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Reflecting on the 2022 Ouray Ice Fest Reflecting on the 2022 Ouray Ice Fest

The Ouray Ice Festival challenged me in a new way this year. At first, I felt dislocated and separated for not competing. But I was able to pivot away from standing in the shadows, alone, to feeling part of a much larger community of people seeking belonging, as each of us tackle the challenges and mysteries ahead. 

The tradition started when I moved to Colorado in 1999. Tucked in a far corner of the San Juan mountains situates the town of Ouray. It is one of those places of magazines and travel guides. Massive mountains provide a gargantuan backdrop for bungalows, with styles and colors deeply rooted in the town's mining history, crowding the streets that likely don’t exceed the count of a couple dozen. Meltwater from high in these local mountains is channeled through a massive pipe bringing freshwater to local townsfolk and businesses. During winter, this waterway also feeds the nearby Box Canyon with water. Box is an understatement. Through tens of thousands of years, the Uncompahgre River has incised a deep gouge through the bedrock. Water from the pipe drizzles out of countless spickets, freezing on the cliff walls leaving hundreds of ice daggers, columns and flows.

The quiet town of Ouray awakens as thousands of ice climbers make the pilgrimage to the canyon to climb ice. It is here that I have visited every year since 1999. Executive Director of the ice park, Peter O’Neil, likens the ice and the festival to skiing in Telluride. Without skiing, Telluride would not exist.  Similarly, ice climbing defines the life blood of the small vale of Ouray, and, January is the crowning jewel of Ouray’s ice. People mark their calendars and businesses ready themselves with the build-up for the Ouray International Ice Festival. While the town normally has 900 inhabitants, the population easily triples as ice climbers from all over Colorado, United States and even internationally, come to celebrate the cold. Clinics are available for anyone to learn from North America’s best ice climbers. Tens of companies stake out their tents just above the ice for the throngs to visit and rent gear. Elite climbers congregate for the world-recognized mixed climbing competition.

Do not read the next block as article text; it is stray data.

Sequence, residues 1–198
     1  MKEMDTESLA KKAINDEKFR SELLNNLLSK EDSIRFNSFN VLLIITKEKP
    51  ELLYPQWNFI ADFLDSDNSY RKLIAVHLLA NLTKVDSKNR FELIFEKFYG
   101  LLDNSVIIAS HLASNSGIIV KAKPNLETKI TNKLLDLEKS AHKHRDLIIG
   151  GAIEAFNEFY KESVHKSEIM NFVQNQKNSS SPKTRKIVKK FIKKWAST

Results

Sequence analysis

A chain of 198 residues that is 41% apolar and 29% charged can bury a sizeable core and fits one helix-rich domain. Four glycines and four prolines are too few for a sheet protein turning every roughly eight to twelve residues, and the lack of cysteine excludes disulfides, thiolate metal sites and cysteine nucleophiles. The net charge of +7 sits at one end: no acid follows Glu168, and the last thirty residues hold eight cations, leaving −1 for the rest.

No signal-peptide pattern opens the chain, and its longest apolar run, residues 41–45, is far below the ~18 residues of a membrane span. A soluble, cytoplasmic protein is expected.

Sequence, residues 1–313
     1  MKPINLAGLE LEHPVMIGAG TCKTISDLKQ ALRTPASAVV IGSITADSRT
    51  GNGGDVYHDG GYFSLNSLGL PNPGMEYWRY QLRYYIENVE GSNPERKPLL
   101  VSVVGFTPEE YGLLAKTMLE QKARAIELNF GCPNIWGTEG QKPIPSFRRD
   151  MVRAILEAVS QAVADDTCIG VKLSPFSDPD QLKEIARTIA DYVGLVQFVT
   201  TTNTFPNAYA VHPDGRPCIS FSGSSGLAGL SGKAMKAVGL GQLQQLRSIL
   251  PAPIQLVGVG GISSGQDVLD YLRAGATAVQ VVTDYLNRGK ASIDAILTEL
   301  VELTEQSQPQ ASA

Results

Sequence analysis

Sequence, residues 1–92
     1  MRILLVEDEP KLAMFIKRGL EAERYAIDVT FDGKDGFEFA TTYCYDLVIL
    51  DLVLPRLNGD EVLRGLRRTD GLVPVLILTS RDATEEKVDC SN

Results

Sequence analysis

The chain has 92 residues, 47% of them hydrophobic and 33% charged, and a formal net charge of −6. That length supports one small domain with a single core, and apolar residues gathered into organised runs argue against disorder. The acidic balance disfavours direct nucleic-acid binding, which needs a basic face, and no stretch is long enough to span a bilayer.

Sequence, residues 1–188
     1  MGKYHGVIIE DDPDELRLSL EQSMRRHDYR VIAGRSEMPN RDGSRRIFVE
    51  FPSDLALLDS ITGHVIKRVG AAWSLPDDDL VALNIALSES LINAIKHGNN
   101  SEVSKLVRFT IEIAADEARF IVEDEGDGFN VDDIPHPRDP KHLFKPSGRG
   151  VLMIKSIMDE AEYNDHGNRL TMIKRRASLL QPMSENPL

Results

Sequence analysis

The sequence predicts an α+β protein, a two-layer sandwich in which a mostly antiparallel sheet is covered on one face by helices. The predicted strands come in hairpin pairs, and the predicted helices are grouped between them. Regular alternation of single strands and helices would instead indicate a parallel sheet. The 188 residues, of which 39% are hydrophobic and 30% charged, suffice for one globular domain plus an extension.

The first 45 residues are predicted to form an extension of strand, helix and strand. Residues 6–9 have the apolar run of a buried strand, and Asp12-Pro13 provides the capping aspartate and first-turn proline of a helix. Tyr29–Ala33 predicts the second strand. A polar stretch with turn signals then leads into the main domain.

For most years of my adult life, I have participated in the festival, and it was the prospect of teaching clinics and taking part in the competition that pulled me powerlessly in. How could I turn away from joining my best friends to try and unlock each year’s mysterious competition route? All of us would throw ourselves at the line, overhanging the canyon, matching our minds and fitness to decipher how to reach the top. Few ever make it to the top, however, the mere possibility of reaching a little farther than you ever expected was the carrot. Even after the competition, participants would gather in local restaurants hooked on solving the mystery.

This year was a little different. I could tell in my bones that I wasn’t ready for the competition. Perhaps I needed a break, and I had not been training. So, I explored the idea of participating in the festival in a new way. By coupling the visit with a passion project that has occupied my attention for the last year or so.

Our precious winters are changing. Cold isn’t quite as cold. The season for which ice adheres to the cliffs of Ouray is shortened. Leaving for the Ice Fest, I was 6 months into producing a documentary about climbing and climate change. So, I tasked myself with learning more about what participants and town citizens thought about the changing climate and feelings of empowerment around being able to do something about increased warmer temperatures.  I also wanted to get first hand perspectives on the future of the town of Ouray.